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Avian thermoregulation in the heat: is evaporative cooling more economical in nocturnal birds?
J Exp Biol 2018; 221(Pt 17)JE

Abstract

Evaporative cooling is a prerequisite for avian occupancy of hot, arid environments, and is the only avenue of heat dissipation when air temperatures (Ta) exceed body temperature (Tb). Whereas diurnal birds can potentially rehydrate throughout the day, nocturnal species typically forgo drinking between sunrise and sunset. We hypothesized that nocturnal birds have evolved reduced rates of evaporative water loss (EWL) and more economical evaporative cooling mechanisms compared with diurnal species, permitting nocturnal species to tolerate extended periods of intense heat without becoming lethally dehydrated. We used phylogenetically informed regressions to compare EWL and evaporative cooling efficiency [ratio of evaporative heat loss (EHL) and metabolic heat production (MHP); EHL/MHP] among nocturnal and diurnal birds at high Ta We analyzed variation in three response variables: (1) slope of EWL at Ta between 40 and 46°C, (2) EWL at Ta=46°C and (3) EHL/MHP at Ta=46°C. Nocturnality emerged as a weak, negative predictor, with nocturnal species having slightly shallower slopes and reduced EWL compared with diurnal species of similar mass. In contrast, nocturnal activity was positively correlated with EHL/MHP, indicating a greater capacity for evaporative cooling in nocturnal birds. However, our analysis also revealed conspicuous differences among nocturnal taxa. Caprimulgids and Australian owlet-nightjars had shallower slopes and reduced EWL compared with similarly sized diurnal species, whereas owls had EWL rates comparable to those of diurnal species. Consequently, our results did not unequivocally demonstrate more economical cooling among nocturnal birds. Owls predominately select refugia with cooler microclimates, but the more frequent and intense heat waves forecast for the 21st century may increase microclimate temperatures and the necessity for active heat dissipation, potentially increasing owls' vulnerability to dehydration and hyperthermia.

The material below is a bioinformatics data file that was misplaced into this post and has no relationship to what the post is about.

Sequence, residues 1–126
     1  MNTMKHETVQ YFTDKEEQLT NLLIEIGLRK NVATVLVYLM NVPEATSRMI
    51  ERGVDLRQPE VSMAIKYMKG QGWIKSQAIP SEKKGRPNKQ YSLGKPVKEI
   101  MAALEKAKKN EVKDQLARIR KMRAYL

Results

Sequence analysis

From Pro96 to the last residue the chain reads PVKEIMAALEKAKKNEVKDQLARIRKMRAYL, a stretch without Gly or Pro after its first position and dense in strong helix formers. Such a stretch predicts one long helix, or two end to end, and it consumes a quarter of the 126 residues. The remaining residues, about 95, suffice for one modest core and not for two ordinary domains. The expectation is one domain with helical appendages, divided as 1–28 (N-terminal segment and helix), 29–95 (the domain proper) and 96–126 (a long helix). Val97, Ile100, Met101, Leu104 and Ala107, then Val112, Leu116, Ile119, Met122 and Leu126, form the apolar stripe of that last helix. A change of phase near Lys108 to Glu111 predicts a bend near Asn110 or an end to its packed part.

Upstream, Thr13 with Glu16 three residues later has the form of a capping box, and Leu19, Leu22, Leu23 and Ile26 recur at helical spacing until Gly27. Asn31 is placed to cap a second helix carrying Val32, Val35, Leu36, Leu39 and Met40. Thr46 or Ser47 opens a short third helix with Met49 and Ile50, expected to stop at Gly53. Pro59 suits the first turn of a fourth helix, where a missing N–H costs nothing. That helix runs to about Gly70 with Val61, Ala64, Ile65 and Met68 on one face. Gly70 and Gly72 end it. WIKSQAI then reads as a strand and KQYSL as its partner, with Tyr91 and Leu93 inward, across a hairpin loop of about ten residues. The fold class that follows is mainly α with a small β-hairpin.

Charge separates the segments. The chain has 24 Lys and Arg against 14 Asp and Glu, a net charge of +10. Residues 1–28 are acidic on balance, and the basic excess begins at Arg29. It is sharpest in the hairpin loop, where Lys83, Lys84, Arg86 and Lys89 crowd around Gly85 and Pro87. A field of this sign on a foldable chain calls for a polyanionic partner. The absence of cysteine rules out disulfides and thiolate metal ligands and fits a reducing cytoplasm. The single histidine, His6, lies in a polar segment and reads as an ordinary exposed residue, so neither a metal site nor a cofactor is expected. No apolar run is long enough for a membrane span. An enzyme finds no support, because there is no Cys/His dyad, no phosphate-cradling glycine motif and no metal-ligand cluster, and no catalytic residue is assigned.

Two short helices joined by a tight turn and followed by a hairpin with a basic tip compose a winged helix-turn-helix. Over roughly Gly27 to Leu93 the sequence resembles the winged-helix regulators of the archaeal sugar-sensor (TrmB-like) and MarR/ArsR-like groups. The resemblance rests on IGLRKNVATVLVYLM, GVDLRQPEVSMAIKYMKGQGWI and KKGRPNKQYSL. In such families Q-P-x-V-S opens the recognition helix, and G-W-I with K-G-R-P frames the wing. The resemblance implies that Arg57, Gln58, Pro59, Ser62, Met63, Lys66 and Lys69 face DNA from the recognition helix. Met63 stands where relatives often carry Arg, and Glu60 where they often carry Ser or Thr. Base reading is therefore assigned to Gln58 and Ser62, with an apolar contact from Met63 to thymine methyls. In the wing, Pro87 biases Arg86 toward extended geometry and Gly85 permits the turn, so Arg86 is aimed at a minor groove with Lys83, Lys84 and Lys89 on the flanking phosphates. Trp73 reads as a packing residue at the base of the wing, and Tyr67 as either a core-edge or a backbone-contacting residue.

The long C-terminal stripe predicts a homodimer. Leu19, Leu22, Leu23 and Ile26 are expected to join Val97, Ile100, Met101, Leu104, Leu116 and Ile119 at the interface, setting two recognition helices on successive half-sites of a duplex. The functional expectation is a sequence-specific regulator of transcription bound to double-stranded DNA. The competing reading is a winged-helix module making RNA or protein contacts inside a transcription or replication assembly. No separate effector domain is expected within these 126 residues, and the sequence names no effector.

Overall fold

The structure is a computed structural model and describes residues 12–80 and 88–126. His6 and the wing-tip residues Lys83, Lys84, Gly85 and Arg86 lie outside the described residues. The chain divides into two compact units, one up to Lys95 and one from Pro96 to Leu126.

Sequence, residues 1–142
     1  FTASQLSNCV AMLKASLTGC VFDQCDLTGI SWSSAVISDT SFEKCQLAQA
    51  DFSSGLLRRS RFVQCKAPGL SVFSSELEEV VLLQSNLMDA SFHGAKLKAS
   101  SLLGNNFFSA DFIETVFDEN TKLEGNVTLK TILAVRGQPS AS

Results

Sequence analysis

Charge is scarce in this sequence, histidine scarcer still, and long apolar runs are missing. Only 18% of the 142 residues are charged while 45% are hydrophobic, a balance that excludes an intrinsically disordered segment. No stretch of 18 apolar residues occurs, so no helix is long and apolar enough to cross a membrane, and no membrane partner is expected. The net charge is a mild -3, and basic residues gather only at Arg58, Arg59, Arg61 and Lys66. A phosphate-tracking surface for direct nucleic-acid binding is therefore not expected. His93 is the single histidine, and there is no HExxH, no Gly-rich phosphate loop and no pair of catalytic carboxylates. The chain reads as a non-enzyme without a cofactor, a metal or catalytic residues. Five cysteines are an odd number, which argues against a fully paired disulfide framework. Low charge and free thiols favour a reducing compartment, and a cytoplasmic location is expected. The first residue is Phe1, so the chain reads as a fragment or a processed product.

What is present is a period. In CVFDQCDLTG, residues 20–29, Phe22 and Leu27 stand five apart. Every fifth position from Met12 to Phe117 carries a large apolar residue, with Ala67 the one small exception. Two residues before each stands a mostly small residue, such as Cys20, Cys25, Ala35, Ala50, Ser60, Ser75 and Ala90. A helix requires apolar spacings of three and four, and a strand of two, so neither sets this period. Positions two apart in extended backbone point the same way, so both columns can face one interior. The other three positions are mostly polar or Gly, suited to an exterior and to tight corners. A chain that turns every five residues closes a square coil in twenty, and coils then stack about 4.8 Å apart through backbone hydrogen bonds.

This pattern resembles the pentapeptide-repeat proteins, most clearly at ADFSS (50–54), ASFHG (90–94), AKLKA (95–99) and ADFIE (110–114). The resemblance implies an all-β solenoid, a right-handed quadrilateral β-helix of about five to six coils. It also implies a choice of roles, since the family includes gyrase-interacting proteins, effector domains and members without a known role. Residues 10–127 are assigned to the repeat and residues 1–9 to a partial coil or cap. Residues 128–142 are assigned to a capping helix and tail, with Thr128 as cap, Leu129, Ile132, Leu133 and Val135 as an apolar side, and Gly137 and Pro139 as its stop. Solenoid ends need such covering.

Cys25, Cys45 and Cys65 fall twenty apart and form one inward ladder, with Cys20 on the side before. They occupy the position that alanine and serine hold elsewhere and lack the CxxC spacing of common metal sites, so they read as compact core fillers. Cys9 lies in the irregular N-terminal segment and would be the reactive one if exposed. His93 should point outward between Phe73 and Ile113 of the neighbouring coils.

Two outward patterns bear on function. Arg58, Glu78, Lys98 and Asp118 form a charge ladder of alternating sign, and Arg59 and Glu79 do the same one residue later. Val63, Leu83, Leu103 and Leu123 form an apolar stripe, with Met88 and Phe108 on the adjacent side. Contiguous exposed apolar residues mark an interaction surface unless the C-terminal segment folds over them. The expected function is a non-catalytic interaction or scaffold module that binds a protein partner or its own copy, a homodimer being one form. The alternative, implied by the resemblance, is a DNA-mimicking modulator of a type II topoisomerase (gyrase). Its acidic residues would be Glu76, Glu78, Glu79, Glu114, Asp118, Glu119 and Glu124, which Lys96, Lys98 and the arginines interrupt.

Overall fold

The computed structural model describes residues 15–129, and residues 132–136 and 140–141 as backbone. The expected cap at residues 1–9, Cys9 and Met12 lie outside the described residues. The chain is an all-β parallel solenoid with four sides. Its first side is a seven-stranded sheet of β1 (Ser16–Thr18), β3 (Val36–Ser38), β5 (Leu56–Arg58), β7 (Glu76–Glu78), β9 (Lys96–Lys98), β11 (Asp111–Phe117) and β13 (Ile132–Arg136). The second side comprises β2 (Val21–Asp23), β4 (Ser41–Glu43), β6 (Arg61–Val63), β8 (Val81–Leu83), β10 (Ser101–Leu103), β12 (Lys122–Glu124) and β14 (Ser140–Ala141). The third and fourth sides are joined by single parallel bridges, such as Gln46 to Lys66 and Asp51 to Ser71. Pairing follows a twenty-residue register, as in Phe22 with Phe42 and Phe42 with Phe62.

Authors+Show Affiliations

DST-NRF Centre of Excellence at the Percy FitzPatrick Institute, Department of Zoology and Entomology, University of Pretoria, Private Bag X20, Hatfield 0028, South Africa.Department of Zoology and Entomology, Rhodes University, P.O. Box 94, Grahamstown 6140, South Africa.Department of Biology, University of New Mexico, MSC03-2020, Albuquerque, NM 847131-0001, USA.Department of Biology, University of Massachusetts, Amherst, MA 01003, USA.Department of Biology, University of Regina, Regina, SK S4S 0A2, Canada.Department of Biology, University of New Mexico, MSC03-2020, Albuquerque, NM 847131-0001, USA.DST-NRF Centre of Excellence at the Percy FitzPatrick Institute, Department of Zoology and Entomology, University of Pretoria, Private Bag X20, Hatfield 0028, South Africa aemckechnie@zoology.up.ac.za. South African Research Chair in Conservation Physiology, National Zoological Garden, South African National Biodiversity Institute, P.O. Box 754, Pretoria 0001, South Africa.

Pub Type(s)

Journal Article
Research Support, Non-U.S. Gov't
Research Support, U.S. Gov't, Non-P.H.S.

Language

eng

PubMed ID

29950448

Citation

O'Connor, Ryan S., et al. "Avian Thermoregulation in the Heat: Is Evaporative Cooling More Economical in Nocturnal Birds?" The Journal of Experimental Biology, vol. 221, no. Pt 17, 2018.